(laughs) Yes, this is the young lawyer who made Adolf Hitler a personal enemy. The students of the Peter-Vischer-Gymnasium did their research and talked to Patricia Litten for a long time. Patricia Litten – herself an actress – played her grandmother in the play. She lives here in Nuremberg.
To what extent did you have to or were able to adapt your work to the difficult conditions that the pandemic confronted you?
Well, for example, for a project that in the original plan as a play, we switched to the radio play format, which supplements with cinematic moments. It was about work in the context of the Capital of Culture with the Veit-Stoss-Realschule. When it became clear that we couldn’t do this as planned, we were initially very disappointed. And to find a way to bring it to a good end, we switched to the radio play format. My colleague will do the recordings with the young people under relatively complex conditions because that has to be done separately at the schools.
We also do digital choir work as part of our club life how we struggled in March and April on different platforms to get sound! The solution was to distribute the scores, my colleague plays the piano, and the choir members sing on mute. They enjoy it because they can sing how they want at home. And because he is a very good singing teacher, he can see without hearing them where they are going and where there are problems. If important, there is also the possibility that someone sings alone and you work on it.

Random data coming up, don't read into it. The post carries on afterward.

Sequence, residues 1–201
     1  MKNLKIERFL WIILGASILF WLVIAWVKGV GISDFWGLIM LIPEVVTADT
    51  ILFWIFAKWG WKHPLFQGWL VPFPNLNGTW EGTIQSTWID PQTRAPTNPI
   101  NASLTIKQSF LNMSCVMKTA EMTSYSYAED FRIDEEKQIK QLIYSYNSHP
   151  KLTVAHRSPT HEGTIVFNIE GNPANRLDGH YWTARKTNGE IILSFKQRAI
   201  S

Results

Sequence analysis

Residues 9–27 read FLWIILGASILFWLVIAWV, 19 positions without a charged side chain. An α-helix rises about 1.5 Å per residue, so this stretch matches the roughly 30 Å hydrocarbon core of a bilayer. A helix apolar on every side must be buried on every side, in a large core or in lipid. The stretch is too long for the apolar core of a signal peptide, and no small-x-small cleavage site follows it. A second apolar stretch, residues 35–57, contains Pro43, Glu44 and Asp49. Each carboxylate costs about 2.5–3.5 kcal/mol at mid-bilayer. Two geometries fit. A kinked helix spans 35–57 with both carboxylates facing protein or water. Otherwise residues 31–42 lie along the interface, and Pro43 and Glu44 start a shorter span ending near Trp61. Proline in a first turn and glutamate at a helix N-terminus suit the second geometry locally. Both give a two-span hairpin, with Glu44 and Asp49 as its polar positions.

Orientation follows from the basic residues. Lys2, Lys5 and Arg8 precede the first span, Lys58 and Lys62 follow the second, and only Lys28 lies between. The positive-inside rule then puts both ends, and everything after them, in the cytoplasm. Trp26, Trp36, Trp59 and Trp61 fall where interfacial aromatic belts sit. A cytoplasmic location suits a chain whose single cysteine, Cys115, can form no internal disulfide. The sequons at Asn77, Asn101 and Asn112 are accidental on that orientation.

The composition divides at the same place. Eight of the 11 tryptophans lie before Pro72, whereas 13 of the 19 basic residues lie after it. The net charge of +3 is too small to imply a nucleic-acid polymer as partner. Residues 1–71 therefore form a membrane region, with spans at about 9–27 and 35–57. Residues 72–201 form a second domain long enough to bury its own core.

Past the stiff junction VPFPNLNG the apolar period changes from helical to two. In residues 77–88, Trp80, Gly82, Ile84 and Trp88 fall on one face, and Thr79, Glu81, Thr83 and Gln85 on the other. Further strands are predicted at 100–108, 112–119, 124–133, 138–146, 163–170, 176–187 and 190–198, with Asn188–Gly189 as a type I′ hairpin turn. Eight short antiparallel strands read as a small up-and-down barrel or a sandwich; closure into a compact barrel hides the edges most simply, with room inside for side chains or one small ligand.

In the Corona situation, we have a strong separation between work on the one hand and leisure and hobby on the other when it comes to infection control regulations. How has that been reflected in your career?
That played a major role; we have strict occupational safety here. In March, April, and May, we only worked digitally. In June and July, we met again because our offers could run under adult education. The premiere of the play by the youth club in July out here on the forecourt, only four people out of a total of 14 were allowed to be on stage at the same time, and we did that very well.
And how was it during the rehearsals? It would be best if you didn’t get too close then. Love scenes can be difficult with that.